Free Ebook.

Enter your email address:

Delivered by FeedBurner

« Why You Need a Budget | Main | Six Easy Steps to Lower Your Cooling Bills »

May 31, 2007


Feed You can follow this conversation by subscribing to the comment feed for this post.

How much do I need it? How soon? Is it something I could save for my next shopping trip or do I need it now? One really has to do a fair amount of shopping to know prices at various stores. Shopping the same ones usually doesn't leave much to compare and it is hard to get me to learn a new store and a shopping pattern. The reason for shopping different stores is rarely price for me. It is design and selection. For that I go to unwarranted lengths, but it's what I find important.

I am not going to address your examples directly.

I have had many discussions with others in which they think what I am doing is not worth the time I spend on it. Sometimes you also have to consider the educational value of spending the time learning how to do something, even though it doesn't save enough money (or make enough money) justifying the time you spend on it.

I think you're leaving out one key dimension:
Are you going to go to location B for other reasons in a reasonable timeframe?

Sometimes I think rather than trying to quantify how much my time is worth, it's more of a subtle, qualitative feeling. Am I in the mood to drive across town to save $5? Sometimes I am, sometimes I'm not.

For instance, I do nearly all my grocery shopping at Walmart. I know King Soopers or Albertsons might have cheaper prices on certain items. But is it worth to go to three separate stores to do my grocery shopping? Plus look through all the ads to find which store has the cheapest prices? Usually not.

Of course, I only spend about $50-$75 a month on food (I'm single). If I were buying for a family of six, the answer would probably be difference.

I guess to answer your question specifically, $10 is probably the difference in price it would take for me to make a trip to a different store.

Another factor here is quality. Whenever my father purchase any type of electronic or appliance, he bought the best one possible regardless of price - but some of the things tended to last forever. A couple of examples: a Maytag washer that lasted for 23 years in a family of 7, a shop vac from the late 70's that he used until fairly recently...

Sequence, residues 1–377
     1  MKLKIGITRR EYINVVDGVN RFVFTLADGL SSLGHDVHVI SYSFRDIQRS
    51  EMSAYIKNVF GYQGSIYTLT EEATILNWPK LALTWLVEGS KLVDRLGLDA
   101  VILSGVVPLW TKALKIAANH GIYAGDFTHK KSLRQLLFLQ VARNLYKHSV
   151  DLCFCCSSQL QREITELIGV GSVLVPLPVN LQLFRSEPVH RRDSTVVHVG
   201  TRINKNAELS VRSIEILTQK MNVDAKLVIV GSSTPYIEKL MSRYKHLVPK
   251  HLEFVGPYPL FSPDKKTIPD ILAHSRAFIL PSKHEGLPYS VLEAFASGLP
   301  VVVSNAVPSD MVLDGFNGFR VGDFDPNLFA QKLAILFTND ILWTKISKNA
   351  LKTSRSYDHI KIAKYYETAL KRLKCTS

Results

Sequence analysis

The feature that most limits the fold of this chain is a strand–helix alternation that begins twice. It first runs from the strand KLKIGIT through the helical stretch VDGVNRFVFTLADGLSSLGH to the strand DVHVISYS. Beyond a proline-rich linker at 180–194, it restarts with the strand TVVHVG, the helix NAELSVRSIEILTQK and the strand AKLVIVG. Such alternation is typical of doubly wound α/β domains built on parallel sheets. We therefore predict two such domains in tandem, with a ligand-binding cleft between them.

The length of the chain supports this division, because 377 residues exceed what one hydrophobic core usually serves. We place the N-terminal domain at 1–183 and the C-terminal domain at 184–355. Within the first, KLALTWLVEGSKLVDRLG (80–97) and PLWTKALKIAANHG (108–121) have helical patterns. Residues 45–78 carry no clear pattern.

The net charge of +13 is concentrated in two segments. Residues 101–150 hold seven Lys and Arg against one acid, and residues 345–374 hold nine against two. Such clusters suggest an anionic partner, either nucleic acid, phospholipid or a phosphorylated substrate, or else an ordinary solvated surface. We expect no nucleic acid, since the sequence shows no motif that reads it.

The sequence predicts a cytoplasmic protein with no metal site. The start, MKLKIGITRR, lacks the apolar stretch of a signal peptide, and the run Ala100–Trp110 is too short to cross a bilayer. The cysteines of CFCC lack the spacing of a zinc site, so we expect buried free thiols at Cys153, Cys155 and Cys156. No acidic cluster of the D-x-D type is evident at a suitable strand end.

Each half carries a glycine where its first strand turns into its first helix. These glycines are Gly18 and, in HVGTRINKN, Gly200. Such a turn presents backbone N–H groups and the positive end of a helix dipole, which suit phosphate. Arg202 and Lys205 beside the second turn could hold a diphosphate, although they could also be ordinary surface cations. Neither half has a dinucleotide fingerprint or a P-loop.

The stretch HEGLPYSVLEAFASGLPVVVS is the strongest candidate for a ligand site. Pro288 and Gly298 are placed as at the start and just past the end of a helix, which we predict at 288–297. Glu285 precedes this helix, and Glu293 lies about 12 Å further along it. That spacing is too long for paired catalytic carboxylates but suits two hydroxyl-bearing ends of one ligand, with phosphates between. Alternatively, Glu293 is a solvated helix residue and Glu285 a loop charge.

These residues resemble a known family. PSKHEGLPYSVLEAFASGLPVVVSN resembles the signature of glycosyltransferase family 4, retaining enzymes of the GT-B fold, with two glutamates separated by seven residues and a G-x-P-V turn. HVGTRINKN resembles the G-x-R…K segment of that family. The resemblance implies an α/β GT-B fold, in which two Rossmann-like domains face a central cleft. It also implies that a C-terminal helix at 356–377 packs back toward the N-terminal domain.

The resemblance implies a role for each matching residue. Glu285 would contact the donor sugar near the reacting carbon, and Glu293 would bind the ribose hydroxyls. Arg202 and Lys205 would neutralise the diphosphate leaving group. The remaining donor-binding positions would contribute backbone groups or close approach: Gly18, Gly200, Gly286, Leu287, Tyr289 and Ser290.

One the other hand, my wife and I needed a new stove 3 years ago, but only spent $150... today it is a piece of junk. I would like to replace it, but it is going to cost at least $250 to get something decent. That means I am going to be out almost $400 and still only have a $250 stove. If I had only spent $100 more three years ago, I wouldn't be in this situation.

No. I would not drive 15 minutes to save $2.00 - gas alone would cost me that much. Well, perhaps not quite that much, but enough.

I would walk 15 minutes to save $2.00. Better health for me, better health for the planet, better savings for my wallet. A win all around.

I guess I would estimate what my "leisure" (non-work) time is worth per hour. In the first example my leisure time would have to be worth less then $8 per hour (doubtful). In the example provided by the author my leisure time would have to be worth less then $200 per hour (um, it is). The value of that time may depend on my mood too.

Additionally, I would suggest that the value of my leisure time is inversely proportional to the amount of it I have.

Retired = more leisure time = lower value to leisure time = driving around town looking to save $1.

Married w/young children = less leisure time = high value to leisure time = one stop shopping to get home and sit on couch.

Both Lord and Mike S allude to the idea of batching trips to do your buying. i.e. don't go out 6 times for 6 things. Make a list of expected purchases, figure out what store generally has the best prices on the majority of the things you will purchase, and then plan your trip accordingly. Rick does one stop grocery shopping, he's willing to trade off a couple of bucks on a few items for the expediency of the overall trip.

I tend to make exceptions for items over a certain price. I review ads for TVs but not for carrots. Perhaps because it is easier for me to "see" the value of saving $50 on a single item (electronics) than $1 on 50 items (grocery) despite the fact the savings are the same. This, of course, would exclude those who enjoy coupon gaming. (That's totally a hobby, leisure time defined. :)

Thanks for a great site. Your suggestions are both thought provoking and practical.

My father always valued his non-working time as free and would often spend hours to do a task that he could get done for $20 such as shovel an icy driveway, etc. It depends on your outlook.

Driving around to find a better deal doesn't just cost time but physical resources like miles on the car and gasoline as was rightly stated earlier. Therefore this type of a cost should be separately analyzed in the payback analysis.

Way to keep us thinking FMF!

-Big Cheese

The comments to this entry are closed.

Start a Blog


  • Any information shared on Free Money Finance does not constitute financial advice. The Website is intended to provide general information only and does not attempt to give you advice that relates to your specific circumstances. You are advised to discuss your specific requirements with an independent financial adviser. Per FTC guidelines, this website may be compensated by companies mentioned through advertising, affiliate programs or otherwise. All posts are © 2005-2012, Free Money Finance.